Sorry for my language,

No problem at all, and i'd like to apologise for mine as well. I'm a pathetic typist and also tend to just hit send instead of reading things through, meaning that a chunk of what I write can come out sounding very harsh, or make no sense whatsoever.

You are a carthographer, not a geographer. Those things have similarities I admit, but not 100%

Actually, i'm not. It's a significant part of my work and one of my degree's is in cartography, but I do lots of other things as well. Its just a very simplified and easy way of answering the dreaded "what do you do" question without having to go into too many questions which i can't/don't want to answer. I agree completely that whilst cartography and geography has a certain overlap, it is definitely NOT the same. I spend more time that i would like trying to explain to random people i meet what the differences are (and whilst we're on it, no, everything isn't already mapped, so there is still a job for us).

But you haven't been to lots of parts of the world

I freely admit that as well, and try and avoid giving any kind of personal opinion about places that I haven't been - which is one reason why i normally avoid any even vaguely American based discussion on here. In my defence on this specific issue though, i will say that I have been to all of Armenia, Azerbaijan and Georgia on more than one occssion, and have worked (still do for Armenia) for the governments of the former two.

Idiot. I knew i shouldn't have replied to this thread at all, but had to do it, didn't I? I just knew it. I One day I will finally have the willpower to avoid replying to any threads on any forums which delve into Geopolitics &/or geostrategy &/or geographical alignment/positioning, and will be lucky to work somewhere where it has no relevance to what i do whatsoever and I no longer have to worry starting diplomatic incidents entirely by about accident. Decision. Perhaps I should now leave the forums and my job, to lead a relatively simple life running the worlds first TP pub? Must be a winner, surely. Anybody lend me a few bob to get started?!

[ Edit: Edited on Feb 13, 2007, at 11:08 AM by Gelli ]

16. Posted by Utrecht (Moderator 5595 posts) 9y

You made me both laugh and feel guilty (just a little...;) about my former post. I guess I have the same problem in just typing first and thinking afterwards. That makes me kinda honest but sometimes a trigger for not so nice words by me or others.
I just shouldn't have looked at those damned maps of countries. I am into maps as well as you, but (fortunately or unfortunately, depends on the way you look) it's not my job at all. I can look for hours on maps of countries, cities etc.

Actually, I hope you will react upon this kinda threads in the future, mainly because of your profession.
I didn't know for example that most countries have other borders which are disputed. Knew about Finland though..;)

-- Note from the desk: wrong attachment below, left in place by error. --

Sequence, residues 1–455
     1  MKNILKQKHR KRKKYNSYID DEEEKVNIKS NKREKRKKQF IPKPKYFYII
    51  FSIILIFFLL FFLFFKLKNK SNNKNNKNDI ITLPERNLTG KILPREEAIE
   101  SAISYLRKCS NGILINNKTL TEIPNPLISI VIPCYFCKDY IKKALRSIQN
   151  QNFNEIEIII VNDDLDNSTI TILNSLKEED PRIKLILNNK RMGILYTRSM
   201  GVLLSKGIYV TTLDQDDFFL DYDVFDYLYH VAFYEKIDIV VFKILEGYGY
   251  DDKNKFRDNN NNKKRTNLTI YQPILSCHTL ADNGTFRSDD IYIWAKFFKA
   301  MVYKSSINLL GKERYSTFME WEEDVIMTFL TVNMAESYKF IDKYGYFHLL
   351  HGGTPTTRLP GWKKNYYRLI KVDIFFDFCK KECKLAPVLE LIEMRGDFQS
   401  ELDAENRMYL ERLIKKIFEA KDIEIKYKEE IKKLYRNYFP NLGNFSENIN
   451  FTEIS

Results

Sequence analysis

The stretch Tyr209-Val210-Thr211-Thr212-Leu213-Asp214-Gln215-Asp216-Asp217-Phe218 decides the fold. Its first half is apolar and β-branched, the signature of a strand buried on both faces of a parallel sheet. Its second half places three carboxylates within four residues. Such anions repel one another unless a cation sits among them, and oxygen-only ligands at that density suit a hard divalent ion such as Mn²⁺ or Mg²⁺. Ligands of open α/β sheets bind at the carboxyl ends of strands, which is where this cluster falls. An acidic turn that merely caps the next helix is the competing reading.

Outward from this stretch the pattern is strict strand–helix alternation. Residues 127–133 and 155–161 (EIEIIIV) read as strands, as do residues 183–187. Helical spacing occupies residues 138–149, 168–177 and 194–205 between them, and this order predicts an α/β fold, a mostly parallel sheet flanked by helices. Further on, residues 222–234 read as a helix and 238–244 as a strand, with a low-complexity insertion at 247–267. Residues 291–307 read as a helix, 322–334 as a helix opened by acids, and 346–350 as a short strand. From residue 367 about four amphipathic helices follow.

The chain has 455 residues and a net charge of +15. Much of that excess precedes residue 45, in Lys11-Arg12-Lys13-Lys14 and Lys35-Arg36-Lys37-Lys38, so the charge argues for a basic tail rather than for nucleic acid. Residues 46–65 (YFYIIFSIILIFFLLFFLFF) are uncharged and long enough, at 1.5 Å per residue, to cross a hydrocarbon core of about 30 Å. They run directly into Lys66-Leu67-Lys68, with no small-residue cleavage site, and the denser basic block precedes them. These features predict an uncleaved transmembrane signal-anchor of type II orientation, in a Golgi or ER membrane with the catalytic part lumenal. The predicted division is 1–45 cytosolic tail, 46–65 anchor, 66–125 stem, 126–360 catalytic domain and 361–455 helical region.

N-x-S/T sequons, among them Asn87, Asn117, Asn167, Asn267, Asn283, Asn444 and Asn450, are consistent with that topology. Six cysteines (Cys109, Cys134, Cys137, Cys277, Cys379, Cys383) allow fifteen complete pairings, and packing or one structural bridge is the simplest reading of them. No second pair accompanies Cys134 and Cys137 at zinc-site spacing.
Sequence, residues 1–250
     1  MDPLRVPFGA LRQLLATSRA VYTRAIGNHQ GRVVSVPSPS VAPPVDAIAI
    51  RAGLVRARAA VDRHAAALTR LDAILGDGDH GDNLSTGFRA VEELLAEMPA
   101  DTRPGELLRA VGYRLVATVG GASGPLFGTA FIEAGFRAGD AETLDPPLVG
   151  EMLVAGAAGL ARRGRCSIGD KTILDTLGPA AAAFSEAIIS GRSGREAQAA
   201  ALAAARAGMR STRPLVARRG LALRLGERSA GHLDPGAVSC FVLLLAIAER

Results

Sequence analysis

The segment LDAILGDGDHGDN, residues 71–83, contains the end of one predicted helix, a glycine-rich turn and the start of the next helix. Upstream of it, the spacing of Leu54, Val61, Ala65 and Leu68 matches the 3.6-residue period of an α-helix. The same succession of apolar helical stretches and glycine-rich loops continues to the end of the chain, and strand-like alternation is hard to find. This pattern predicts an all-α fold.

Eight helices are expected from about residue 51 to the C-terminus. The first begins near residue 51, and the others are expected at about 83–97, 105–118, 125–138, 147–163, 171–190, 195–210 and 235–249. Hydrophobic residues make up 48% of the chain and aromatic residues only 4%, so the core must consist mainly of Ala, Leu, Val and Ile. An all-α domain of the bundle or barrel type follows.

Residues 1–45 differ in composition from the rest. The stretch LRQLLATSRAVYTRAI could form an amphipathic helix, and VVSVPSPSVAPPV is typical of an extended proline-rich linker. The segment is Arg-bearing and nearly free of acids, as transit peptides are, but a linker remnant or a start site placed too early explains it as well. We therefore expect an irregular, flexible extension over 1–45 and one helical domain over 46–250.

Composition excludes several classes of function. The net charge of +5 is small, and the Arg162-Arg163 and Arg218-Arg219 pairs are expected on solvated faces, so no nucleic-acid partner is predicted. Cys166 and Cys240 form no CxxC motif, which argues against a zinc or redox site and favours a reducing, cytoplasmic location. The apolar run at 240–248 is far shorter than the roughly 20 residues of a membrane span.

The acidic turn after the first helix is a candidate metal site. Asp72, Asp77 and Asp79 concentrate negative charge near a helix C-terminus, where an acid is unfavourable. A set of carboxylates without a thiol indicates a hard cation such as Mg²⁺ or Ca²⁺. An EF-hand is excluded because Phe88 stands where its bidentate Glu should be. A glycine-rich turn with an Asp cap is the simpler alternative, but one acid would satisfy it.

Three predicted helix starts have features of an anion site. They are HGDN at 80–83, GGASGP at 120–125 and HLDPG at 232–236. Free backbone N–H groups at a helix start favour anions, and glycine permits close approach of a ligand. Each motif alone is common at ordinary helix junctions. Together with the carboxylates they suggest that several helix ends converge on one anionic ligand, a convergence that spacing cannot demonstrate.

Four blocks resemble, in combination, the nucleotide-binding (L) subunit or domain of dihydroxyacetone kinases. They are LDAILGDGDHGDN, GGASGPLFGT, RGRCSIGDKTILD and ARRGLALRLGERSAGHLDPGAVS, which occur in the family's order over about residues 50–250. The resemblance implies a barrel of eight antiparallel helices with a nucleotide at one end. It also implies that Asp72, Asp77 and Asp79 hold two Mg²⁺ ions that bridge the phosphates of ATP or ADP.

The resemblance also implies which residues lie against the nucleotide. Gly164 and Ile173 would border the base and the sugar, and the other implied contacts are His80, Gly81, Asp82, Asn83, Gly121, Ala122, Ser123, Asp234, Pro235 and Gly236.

Nice to learn something new, because me being convinced about G, A and A being european was a mistake as wel....I am positive they joined the pre rounds of the european soccer championships...

Again...apologizing for my words as well and yours are accepted of course.

Shouldn't there be some sort of objective criteria for the countries to be in Europe OR Asia, and not both. Personally I don't like multiple explanations, not about this kinda subjects. But maybe I'll have to live with that.

hope this is not the end of the thread....

17. Posted by Gelli (Travel Guru 2457 posts) 9y

hope this is not the end of the thread....

As i'm already in this thread, I may as well stay in it!

I am into maps as well as you, but (fortunately or unfortunately, depends on the way you look) it's not my job at all. I can look for hours on maps of countries, cities etc.

I really envy you that. I've always loved looking at maps and probably wasted months of my life just gazing at them. I still do, and am pathalogically incapable fo walking past any map without stopping for a few minutes. However, I now kind of look at them differently, and wish i still had that kind of innocence (for want of a much better word) that comes from being an outsider, as such..

I suppose it's like a Car freaks who always dream of owning a Ferrari. They do for years and years, then win a test drive. It's a great day for them, but they realise that the driving position is poor, the clutch is so still if kills the knee, and the steering is so heavy that turning left or right needs to be avoided at all costs. Afterwards, they still love Ferrari's, but see them in a completely different light.

I am positive they joined the pre rounds of the european soccer championships...

Which of course they do, every year.

There are actually more members of FIFA than the UN, and only 2 UN recoignised countries which aren't in FIFA - Monaco and the Vatican. So maybe using the FIFA definitions are as good as - or better - way of deciding how to split continents than any other way, as it is essentially non political [Thus both China and Taiwan are part of FIFA, but not the UN]. I've heard it suggested more than once, including by some very respected and highly placed people. And it may be worth considering.

But, of course, you would then have Israel as part of Europe - which most people disagree with on any "classical" definition of Europe, and now, you have Australia as part of Asia (they have moved federations, and now play in the Asian federation). Which starts a whole set of new arguments.

You may have noticed that I haven't actually responded to your query about which continent I would put them in, and that is deliberate. I'm waiting to see who else wants to contribute what first.

Shouldn't there be some sort of objective criteria for the countries to be in Europe OR Asia, and not both.

Fair enough. But then you get into what objective criteria, and then decided by whom...?

Personally I don't like multiple explanations, not about this kinda subjects.